Away from the televised and broken streets of Port-au-Prince, Haiti hosts some scenic worlds. Down south, there are remnants of cloud forests that fade into blue skies, and in the north cacti twist out of rust desert soil. The eye takes in lime green rice fields in the central valleys that give way to steep rings of mountains. Most of the people who live there are counting on humble rural livelihoods. They find an enormous source of dignity in their peasant identities. Little by little, their work breathes life back into a country that they vow to make self-sustaining once more.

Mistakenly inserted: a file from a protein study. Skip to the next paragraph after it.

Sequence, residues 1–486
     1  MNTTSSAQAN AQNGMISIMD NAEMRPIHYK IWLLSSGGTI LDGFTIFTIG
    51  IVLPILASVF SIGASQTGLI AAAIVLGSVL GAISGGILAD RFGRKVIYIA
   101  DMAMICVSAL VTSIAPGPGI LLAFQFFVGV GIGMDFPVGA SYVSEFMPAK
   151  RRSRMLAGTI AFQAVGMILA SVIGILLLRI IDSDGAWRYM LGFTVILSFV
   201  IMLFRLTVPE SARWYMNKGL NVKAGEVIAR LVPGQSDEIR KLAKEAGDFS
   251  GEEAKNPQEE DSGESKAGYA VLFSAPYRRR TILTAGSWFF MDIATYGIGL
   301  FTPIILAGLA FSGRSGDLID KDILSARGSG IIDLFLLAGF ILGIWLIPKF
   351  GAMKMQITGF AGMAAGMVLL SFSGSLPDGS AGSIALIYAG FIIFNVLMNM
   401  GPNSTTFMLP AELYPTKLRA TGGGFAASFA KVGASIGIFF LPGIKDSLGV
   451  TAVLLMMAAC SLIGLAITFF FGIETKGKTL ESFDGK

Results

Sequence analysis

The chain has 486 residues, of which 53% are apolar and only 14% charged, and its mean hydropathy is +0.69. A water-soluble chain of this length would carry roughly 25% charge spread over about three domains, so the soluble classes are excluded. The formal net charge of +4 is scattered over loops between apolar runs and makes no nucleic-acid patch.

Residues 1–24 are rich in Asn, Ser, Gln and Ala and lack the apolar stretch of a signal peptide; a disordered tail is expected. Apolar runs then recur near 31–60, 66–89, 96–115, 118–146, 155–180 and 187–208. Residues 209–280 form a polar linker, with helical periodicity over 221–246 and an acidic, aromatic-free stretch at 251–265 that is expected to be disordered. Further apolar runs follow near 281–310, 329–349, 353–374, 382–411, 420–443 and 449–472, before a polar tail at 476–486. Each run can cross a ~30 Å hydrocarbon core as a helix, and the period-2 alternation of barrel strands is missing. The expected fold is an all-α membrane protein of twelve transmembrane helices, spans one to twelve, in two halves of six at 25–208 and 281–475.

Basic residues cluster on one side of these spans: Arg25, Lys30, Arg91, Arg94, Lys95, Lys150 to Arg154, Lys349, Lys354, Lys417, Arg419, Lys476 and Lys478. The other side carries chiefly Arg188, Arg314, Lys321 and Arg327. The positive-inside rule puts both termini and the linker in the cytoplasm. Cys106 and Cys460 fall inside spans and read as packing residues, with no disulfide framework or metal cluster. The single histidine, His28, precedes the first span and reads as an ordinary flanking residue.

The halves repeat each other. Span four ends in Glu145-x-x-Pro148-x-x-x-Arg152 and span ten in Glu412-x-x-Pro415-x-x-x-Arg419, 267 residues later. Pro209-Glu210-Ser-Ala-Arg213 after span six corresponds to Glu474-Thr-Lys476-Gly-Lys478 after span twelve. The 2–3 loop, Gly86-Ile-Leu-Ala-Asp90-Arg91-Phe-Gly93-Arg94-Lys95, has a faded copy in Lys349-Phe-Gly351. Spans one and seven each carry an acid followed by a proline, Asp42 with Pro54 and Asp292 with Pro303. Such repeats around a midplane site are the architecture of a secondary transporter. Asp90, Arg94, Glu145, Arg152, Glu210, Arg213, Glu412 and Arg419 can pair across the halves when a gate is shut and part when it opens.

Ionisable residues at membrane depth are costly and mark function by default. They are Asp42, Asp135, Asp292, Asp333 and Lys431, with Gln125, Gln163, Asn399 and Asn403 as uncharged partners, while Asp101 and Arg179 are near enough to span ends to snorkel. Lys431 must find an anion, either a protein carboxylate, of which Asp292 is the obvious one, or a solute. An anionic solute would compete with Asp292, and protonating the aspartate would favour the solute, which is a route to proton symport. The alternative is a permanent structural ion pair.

Haitian peasants face a global economic showdown on their land. The border with the Dominican Republic is littered with—this time not so scenic—textile factories and free trade zones. Jatropha tree plantations for agrofuel export sweep up deserts and farmland alike—feeding foreign machines instead of local people. Most Haitians can’t afford basic food staples, as decades of speculative and disincentivizing agricultural policies (international and domestic) have decimated the local market. Often the international NGO community plays by the rules of the multilateral financial agencies, promoting cash-for-work and other programs that separate farmers from their land and allow multinational businesses to flourish. It wasn’t always this way. As late as the 1970s, Haiti’s majority peasant population sustained their families and communities through their own agricultural production. Almost all of them owned animals like pigs and goats—which they could sell at a moment’s notice if they needed to send a child to school or pay medical bills. The country was largely decentralized through rural development. When International Financial Institutions (IFIs) and donor countries forced Haiti and many surrounding Caribbean and Latin American countries to play by the rules of Reagan/Thatcher-style privatization and export policies, that all changed. Peasants moved out of the countryside in droves looking for work in the cities as the little investment in the rural areas dried up. Those who stayed were left with meager social services. One striking example of failed foreign policy in Haiti is the U.S. eradication of the entire pig population—leaving their owners no financial safety net. Those are the policies that have dominated Haiti from the outside for the past three decades. And shortly after the earthquake devastated the island in January 2010, many IFIs, donor countries, and corporations hailed those same policies as a plan to rebuild—repeating a cycle of misery and continual dependence on powerful interests. Haitian social movements say: enough is enough! From a small village in the central plateau to forgotten towns in the north and south, grassroots organizers are demonstrating that their solutions are the way towards a new Haiti. Several Haitian social movements started out clandestinely during the successive dictatorships of Francois (Papa Doc) and Jean Claude (Baby Doc) Duvalier. Organizers would meet in churches, homes, or anywhere that would lessen the chances of getting arrested, or worse. Today—although often harassed by Western-backed politicians—the movements are visible, both in terms of their energized base and outpouring of innovation. There are two words in the Haitian Creole language that act as the foundational building blocks of the Haitian movement, gwoupman (local community group) and konbit (cooperative communal labor). Operating in the spirit of both, movements on the local, regional, and national levels see their shared vision for Haiti as self-determination through healing a broken food system and unlocking the land’s potential. One of the most important local movements in Haiti, the Peasant Movement of Papaye (MPP) has been working in a village and surrounding area bearing the same name for nearly 40 years. At the time, the land in Papaye was barren—plagued by the deforestation that has now left Haiti with less than 2% of the trees that used to protect their land and provide food. Thanks to decades of organizing, it’s a different story in Papaye today—peasants in the village and area around it have planted more than 20 million trees, replenishing the land and food supply. “This place became a paradise and gives us hope for the whole country,” said MPP’s director Chavannes Jean Baptiste, “there was not one tree around when we started.” Even though the MPP remains dedicated to their work in Papaye, they were determined not to stop there. The small movement birthed a national movement, National Congress of the Papaye Peasant Movement (MPNKP), in order to replicate Papaye’s experience throughout the country. MPNKP has spearheaded projects in each of Haiti’s 10 departments, ranging from pig repopulation (using Creole varieties from the Caribbean) to agroecology. All of their work is deeply rooted in popular education and organizing. MPNKP is one of two national movements in Haiti. The other, Tet Kole Ti Peyizan Ayisyen (Heads Together Small Peasant Movement), is equally committed to social change in Haiti—starting with seeds. “We provide peasants with local seeds,” one of their leaders Rosnel Jean Baptiste explained. “We understand that seeds mean much more than economic support. Seeds are political.” Tet Kole also organizes bold demonstrations for food sovereignty and agrarian reform. Often, Tet Kole’s peasants march with representatives from the other movements. In between the national and local movements, peasants in the southernmost part of the island felt they needed a different model, something that would represent them regionally—and created the Coordination of the Organizations of the South-East (KROS). French colonizers had once done a great job dividing up territories into an administrative matrix they could control. Today, in a creative twist, KROS organizers are borrowing this model from the former occupier to organize their movement. In the absence of state services, KROS has mobilized their base to build roads and schools. Because fatalism is not an option, Haitian movements continue to make great strides in the face of speculation, corporate and NGO agendas, and insecurity. When forces push against the movements—collectively, they resist.